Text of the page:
Posted in Child abuse images, Default settings, ICANN, Internet governance, Regulation, Self-regulation

ECPAT USA steps up

I have written before about the negotiations currently taking place around the North American Free Trade Agreement (NAFTA). One of the clauses being proposed for inclusion by the US Administration would require Canada and Mexico to adopt a law which the US Congress and President Trump ditched last month. Go figure.

The law in question is (the now amended) s.230 of the Communications Decency Act, 1996 – one of the most inappropriately named pieces of legislation ever.

The old s.230 is the law that allowed Backpage and similar to make millions of dollars from the distribution of child sex abuse materials and from facilitating a wide range of sexual offences. This was possible because the old s.230 created such a strong level of immunity for internet intermediaries that law enforcement agencies and the courts were defeated in their efforts to bring the offending parties to book.

The fear is that if the clause makes it into the final version of NAFTA, not only would that be very bad news for Canada and Mexico, it would also set a terrible precedent. It could reappear in trade negotiations that will be held with other countries. Speaking as a Brit contemplating Britain after Brexit that scares me.

All over the world it is common for one bit of Government not to know about or agree with something another bit of the same Government is doing. Very often it is the lot of outsiders to point this out and, generally, not always, it leads to the matter being resolved.

So assuming the decision to follow this course of action is not being directed by the White House or some other powerful element in the core leadership of the Trump  Administration, civil society organizations are starting to speak out.

ECPAT USA is one of the first.  Yesterday they released  a copy of their letter to The Honorable Robert Lighthizer, the US Trade Representative.

NGOs in Canada and Mexico are also stirring. We are all stakeholders.

Posted in Child abuse images, E-commerce, Internet governance, Regulation, Self-regulation

The internet: to regulate or not?

The UK’s House of Lords is holding  an inquiry into whether or not the internet should be regulated.  The Children’s Charities’ Coalition on Internet Safety submitted evidence. Here is a link to the House of Lords web site where the text of the evidence is reproduced.

If you want the original pdf you can download it  from here.



Posted in Internet governance

Article 29 and children

In the UK our Data Protection Authority (DPA) – the Information Commissioner’s Office (ICO) – has shown a real and sustained interest in how the new data privacy regime – the GDPR -is likely to impact children.  ICO officials attended an all-day seminar organized by Professor Sonia Livingstone at the LSE. They shared their thoughts and interacted with a group of leading online child rights and child protection experts who came not just from the UK but also from other EU Member States. Several of the latter travelled to the LSE precisely because they knew the ICO would be represented.

The ICO subsequently issued a consultation paper  and draft guidance specifically addressing the position of children in respect of all relevant headings of the GDPR.

The Article 29 Working Party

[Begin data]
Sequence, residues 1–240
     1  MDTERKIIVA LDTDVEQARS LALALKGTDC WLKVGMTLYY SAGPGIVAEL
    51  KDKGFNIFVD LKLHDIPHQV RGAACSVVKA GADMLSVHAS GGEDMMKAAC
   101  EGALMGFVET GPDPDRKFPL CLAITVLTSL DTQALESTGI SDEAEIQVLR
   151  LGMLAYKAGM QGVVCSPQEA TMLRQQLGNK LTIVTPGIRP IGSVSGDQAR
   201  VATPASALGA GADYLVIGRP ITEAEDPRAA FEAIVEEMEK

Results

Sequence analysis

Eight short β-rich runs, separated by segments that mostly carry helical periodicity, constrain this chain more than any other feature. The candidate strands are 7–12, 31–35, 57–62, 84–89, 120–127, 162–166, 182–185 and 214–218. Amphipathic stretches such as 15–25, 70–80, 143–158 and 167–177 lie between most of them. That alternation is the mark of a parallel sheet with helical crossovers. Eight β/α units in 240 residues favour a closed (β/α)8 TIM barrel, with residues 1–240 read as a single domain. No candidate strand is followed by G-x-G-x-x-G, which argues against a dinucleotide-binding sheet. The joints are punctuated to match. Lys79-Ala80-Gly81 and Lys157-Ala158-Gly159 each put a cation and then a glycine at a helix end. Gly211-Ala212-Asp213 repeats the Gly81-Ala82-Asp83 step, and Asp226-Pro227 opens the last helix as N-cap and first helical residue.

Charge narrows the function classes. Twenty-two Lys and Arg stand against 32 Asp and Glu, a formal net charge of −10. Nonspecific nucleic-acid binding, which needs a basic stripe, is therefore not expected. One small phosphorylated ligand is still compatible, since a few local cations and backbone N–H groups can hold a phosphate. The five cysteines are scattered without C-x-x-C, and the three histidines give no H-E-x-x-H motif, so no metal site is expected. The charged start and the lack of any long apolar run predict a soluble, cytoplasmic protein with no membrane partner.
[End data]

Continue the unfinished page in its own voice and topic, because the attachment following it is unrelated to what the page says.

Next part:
Each DPA in every EU Member State remains a sovereign and independent body but they stay in touch and try to achieve a degree of consistency through something called the  Article 29 Working Party.  Article 29 has existed since the mid 1990s. It is being replaced by  the European Data Protection Supervisory Board.

Historically, Article 29 has not shown an excessive degree of interest in children as data subjects. One suspects they have a box marked “Very Difficult. Avoid If You Can. Only Open If You Absolutely Have To”. Children are in it.

In fact the only major Opinion Article 29 seems to have issued which concerns children dates from 2009 and it addresses children’s personal data held by schools. If you were to ask any randomly selected group of parents, children  or policy makers about their main worries in terms of what is happening to young people’s personal data in the internet age, I doubt  that how schools are handling it would be at the top of their list. It would be there, but not at the top. Silicon Valley meanwhile….


Once the GDPR became law Article 29  decided to organize a series of “FabLabs” to discuss what would happen next and get feedback from interested parties. I attended. There were three such meetings. One in July 2016,  one in April, 2017 and finally October, 2017.

In plenaries and working groups at the FabLabs a number of people suggested there should be a  specific session on  the position of children. On behalf of the European NGO Alliance for Child Safety Online and the UK’s Children’s Charities’ Coalition on Internet Safety I wrote to Article 29’s then Chairperson,  Isabelle Falque-Pierrotin of the French DPA, to support that suggestion.

Article 29 did not agree. Neither did they expressly disagree.  The request was just ignored. Thus, at an EU level there has been no open or extended engagement between the online child rights and child protection communities and the privacy community.

Since the GDPR was adopted Article 29 has published no letters about children. They have issued no press releases. No consultation documents or position papers on children  have been sent around. Article 29 have issued no guidelines on children although mentions of children are scattered among several of those that have appeared.

Save for the British texts nobody has tried to bring together or discuss all the parts of the GDPR which concern children. Such a publication would help a lot of people get a better take on or overview of the diverse ways the landscape is changing.